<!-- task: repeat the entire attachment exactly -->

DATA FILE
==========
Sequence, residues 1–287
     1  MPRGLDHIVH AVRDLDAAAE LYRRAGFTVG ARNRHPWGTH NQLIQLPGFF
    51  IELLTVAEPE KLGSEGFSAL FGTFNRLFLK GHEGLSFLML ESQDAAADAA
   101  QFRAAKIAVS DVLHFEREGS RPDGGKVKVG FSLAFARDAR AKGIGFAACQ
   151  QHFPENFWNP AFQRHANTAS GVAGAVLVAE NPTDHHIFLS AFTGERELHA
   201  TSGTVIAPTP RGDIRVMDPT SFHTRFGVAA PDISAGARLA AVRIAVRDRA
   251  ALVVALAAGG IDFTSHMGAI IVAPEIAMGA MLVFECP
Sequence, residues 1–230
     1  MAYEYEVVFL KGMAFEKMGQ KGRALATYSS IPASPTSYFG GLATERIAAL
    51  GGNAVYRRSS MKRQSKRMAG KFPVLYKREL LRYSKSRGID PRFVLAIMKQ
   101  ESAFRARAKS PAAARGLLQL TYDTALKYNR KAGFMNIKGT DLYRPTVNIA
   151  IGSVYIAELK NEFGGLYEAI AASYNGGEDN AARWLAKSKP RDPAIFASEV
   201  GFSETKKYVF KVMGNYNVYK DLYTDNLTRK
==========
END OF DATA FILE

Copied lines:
Sequence, residues 1–287
     1  MPRGLDHIVH AVRDLDAAAE LYRRAGFTVG ARNRHPWGTH NQLIQLPGFF
    51  IELLTVAEPE KLGSEGFSAL FGTFNRLFLK GHEGLSFLML ESQDAAADAA
   101  QFRAAKIAVS DVLHFEREGS RPDGGKVKVG FSLAFARDAR AKGIGFAACQ
   151  QHFPENFWNP AFQRHANTAS GVAGAVLVAE NPTDHHIFLS AFTGERELHA
   201  TSGTVIAPTP RGDIRVMDPT SFHTRFGVAA PDISAGARLA AVRIAVRDRA
   251  ALVVALAAGG IDFTSHMGAI IVAPEIAMGA MLVFECP
Sequence, residues 1–230
     1  MAYEYEVVFL KGMAFEKMGQ KGRALATYSS IPASPTSYFG GLATERIAAL
    51  GGNAVYRRSS MKRQSKRMAG KFPVLYKREL LRYSKSRGID PRFVLAIMKQ
   101  ESAFRARAKS PAAARGLLQL TYDTALKYNR KAGFMNIKGT DLYRPTVNIA
   151  IGSVYIAELK NEFGGLYEAI AASYNGGEDN AARWLAKSKP RDPAIFASEV
   201  GFSETKKYVF KVMGNYNVYK DLYTDNLTRK